It’s no secret that flight training is expensive. With increased fuel and insurance prices, the cost of flight training has been on the rise for years.
Because of these increased costs many flight schools have decided to complicate their pricing and hide fees from potential customers as a way to lure them into their flight training programs.
It is a way for flight schools to advertise lower costs when in reality many of these lower costs do not actually exist!
There are 2 main tactics these flight schools employ to lure new, unsuspecting students to low prices. They are:
1- They complicate and divide their pricing information.
2- They do not quote all of the costs associated obtaining a pilot license.
The first and most prominent tactic we see that flight schools employ is in how they divide and complicate their pricing. They have become skilled technicians that make their pricing so convoluted it is nearly impossible for new students (especially those that are brand new to the aviation industry) to get an exact accurate estimate on what flight training is going to cost them.
Nearly every student we talk to that has trained at other flight schools has told us that their flight training ended up costing them more than expected! It’s almost become the new “norm” in the industry.
Let’s talk about how these flight schools complicate their pricing so that you can be prepared and informed when meeting with them.
The most pronounced example I have of this is a flight school that was advertising “Flight Training at $85/hr!” What a fantastic deal! How could anyone pass up a price that low? After further investigation, this is what I found…
– The airplane cost $85 per hour to rent.
– This rental price did NOT include fuel (approximately $35/hr with current fuel prices).
– The rental price did NOT include the flight instructor ($40/hr).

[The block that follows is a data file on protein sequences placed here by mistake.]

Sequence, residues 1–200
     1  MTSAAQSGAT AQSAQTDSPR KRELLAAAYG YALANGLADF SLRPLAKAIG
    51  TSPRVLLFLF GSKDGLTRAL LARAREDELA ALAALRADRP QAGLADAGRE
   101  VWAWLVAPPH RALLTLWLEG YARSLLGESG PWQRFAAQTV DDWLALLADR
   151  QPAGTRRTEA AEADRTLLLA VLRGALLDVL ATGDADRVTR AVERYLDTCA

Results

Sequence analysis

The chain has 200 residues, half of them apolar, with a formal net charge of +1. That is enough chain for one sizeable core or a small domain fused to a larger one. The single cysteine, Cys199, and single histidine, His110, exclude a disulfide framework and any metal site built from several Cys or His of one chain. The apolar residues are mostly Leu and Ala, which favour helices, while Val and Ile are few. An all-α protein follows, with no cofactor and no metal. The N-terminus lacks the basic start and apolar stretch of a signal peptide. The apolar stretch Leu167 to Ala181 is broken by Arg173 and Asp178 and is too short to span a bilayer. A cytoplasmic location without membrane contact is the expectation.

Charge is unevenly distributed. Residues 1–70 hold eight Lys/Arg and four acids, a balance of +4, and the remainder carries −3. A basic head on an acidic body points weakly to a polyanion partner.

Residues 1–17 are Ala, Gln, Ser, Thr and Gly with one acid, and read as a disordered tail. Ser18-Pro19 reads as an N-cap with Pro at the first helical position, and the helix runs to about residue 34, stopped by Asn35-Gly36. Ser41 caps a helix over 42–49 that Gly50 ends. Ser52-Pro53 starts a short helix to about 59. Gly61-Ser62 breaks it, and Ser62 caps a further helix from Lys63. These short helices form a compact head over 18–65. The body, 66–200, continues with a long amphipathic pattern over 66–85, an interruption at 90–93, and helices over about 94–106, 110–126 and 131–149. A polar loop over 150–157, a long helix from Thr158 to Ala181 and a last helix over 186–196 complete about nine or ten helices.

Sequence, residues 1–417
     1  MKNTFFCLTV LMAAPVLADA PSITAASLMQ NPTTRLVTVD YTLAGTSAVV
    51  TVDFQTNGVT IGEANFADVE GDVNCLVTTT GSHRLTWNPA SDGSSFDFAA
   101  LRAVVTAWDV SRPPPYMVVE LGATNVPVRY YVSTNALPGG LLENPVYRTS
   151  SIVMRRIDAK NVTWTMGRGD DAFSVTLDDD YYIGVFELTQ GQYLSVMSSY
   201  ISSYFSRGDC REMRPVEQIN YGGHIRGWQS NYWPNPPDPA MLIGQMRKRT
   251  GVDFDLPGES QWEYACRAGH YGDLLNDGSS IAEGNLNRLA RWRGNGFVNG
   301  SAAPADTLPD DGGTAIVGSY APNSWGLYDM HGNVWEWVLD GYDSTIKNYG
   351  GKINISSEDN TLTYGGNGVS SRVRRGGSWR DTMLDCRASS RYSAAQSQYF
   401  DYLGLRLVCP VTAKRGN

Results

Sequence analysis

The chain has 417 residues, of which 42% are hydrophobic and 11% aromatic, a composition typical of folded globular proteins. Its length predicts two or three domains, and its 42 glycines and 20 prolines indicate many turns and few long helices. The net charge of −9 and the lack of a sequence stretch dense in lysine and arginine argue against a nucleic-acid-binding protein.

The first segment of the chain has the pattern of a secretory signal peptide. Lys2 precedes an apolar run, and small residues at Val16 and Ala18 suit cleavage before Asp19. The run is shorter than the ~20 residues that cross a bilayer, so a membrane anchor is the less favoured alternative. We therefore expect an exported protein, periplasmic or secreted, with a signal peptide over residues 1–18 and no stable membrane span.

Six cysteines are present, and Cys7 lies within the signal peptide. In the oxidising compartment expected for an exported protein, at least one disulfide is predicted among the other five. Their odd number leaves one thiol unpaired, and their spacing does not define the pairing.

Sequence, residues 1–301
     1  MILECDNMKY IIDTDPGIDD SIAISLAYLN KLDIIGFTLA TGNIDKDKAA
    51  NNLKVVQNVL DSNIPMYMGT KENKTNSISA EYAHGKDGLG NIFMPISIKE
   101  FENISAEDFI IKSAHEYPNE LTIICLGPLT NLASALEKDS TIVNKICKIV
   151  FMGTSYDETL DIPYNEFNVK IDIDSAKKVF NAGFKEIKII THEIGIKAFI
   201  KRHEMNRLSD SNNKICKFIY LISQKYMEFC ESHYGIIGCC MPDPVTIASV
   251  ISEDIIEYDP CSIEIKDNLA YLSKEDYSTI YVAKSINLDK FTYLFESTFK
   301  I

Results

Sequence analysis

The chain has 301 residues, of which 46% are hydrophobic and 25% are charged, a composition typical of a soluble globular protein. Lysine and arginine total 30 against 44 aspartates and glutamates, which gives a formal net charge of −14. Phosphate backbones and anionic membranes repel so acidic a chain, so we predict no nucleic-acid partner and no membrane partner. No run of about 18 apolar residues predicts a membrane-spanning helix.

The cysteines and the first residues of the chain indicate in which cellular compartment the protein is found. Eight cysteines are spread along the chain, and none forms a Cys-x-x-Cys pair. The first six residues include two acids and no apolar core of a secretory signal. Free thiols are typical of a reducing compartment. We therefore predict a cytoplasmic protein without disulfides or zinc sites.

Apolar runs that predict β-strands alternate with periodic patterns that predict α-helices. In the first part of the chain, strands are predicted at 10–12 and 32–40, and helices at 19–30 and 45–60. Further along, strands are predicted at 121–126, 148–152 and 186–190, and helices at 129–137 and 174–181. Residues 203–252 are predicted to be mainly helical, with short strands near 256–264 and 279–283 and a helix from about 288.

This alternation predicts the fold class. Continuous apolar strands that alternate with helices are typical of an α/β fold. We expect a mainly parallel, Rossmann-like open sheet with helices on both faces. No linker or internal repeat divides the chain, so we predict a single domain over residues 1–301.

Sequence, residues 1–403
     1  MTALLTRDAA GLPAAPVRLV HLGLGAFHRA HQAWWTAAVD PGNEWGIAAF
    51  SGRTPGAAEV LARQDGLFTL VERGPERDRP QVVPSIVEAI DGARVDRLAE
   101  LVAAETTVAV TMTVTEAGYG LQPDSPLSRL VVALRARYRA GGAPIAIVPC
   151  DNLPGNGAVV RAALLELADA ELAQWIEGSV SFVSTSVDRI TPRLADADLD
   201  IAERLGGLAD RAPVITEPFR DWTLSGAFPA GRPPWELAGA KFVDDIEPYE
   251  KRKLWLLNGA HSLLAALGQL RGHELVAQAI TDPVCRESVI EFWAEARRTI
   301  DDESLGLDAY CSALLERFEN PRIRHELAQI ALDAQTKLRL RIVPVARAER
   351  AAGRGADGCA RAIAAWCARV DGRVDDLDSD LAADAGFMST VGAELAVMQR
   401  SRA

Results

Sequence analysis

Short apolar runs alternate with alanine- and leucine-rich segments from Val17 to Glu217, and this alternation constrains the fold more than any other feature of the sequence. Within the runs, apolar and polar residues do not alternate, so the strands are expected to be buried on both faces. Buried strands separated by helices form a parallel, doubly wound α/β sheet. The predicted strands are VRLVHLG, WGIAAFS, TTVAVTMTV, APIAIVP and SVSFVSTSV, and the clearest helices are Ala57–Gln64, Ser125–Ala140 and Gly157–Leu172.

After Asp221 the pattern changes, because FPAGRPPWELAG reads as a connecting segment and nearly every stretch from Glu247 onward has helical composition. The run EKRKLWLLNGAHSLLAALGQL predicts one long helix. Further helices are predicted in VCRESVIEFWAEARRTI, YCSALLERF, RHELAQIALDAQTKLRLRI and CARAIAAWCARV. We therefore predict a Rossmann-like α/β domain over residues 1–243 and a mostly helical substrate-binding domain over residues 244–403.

– The rental price did NOT mention the cost of flight school membership fees ($1,500 up front cost and $50/month indefinitely).
– The rental price did NOT include insurance, which the flight school required of each student (approximately $150- $200/year).
– The rental did NOT include the cost of ground school ($35/hr for an approximate 15 hours).
Let’s do the math here. The FAA requires 40 hours of flight time (minimum) for the Private Pilot License. At $85/hr the quoted cost comes out to $3,400. The actual hourly rate for this flight school is $160. Include the membership fees, insurance, and ground school (approximate 3 months to achieve the pilot license) and the total cost comes to $8,725!
The actual price MORE THAN DOUBLED from quoted to actual.
While not all flight schools are as devious as the example listed above, most of them will hide some of their pricing.
The moral of the story is to ask the flight schools these questions:
– “Does your quoted price include fuel?”
– “Does your quoted price include the flight instructor?”
– “Are there any upfront fees associated with my flight training?”
– “How much are your ground school fees?”
– “Do I need to provide my own insurance policy, or do you provide it?”
Remember to ask these questions. You do not want to be blindsided with these additional costs. They can add $$$ thousands $$$ to the cost of your pilot licenses.
The second way you can get lost in the cost of your pilot license is when flight schools do not disclose all of the costs associated with your pilot license.
The fees most commonly hidden from new students include the FAA testing fees, and the cost of ground school.
This is where most flight schools will get defensive. They have the mindset that “well, you don’t pay your FAA testing fees to the flight school (you pay them to the FAA examiners) so that is why we do not include them in our pricing.” Which, this logic is somewhat understandable. However, for a student that is brand new to aviation these costs can come as a complete surprise!
At Axiom Aviation we have built our flight school on being honest and upfront with all potential and existing flight students. When we quote a price for a pilot license we include ALL of the variables so that students know exactly how much it is going to cost them. We include: flight time, ground school instruction, supplies (study materials and pilot materials), insurance, and FAA testing fees.
It saddens me to see what many flight schools have resorted to in order to “put butts in seats.” And we can’t change how these flight schools operate. For that reason, I hope you take this information with you when comparing flight school pricing. You will be better informed and be able to make a more accurate decision about your flight training.
Don’t go in blindly! This has happened to us and to many of our friends in aviation. Get the full story before making any decisions.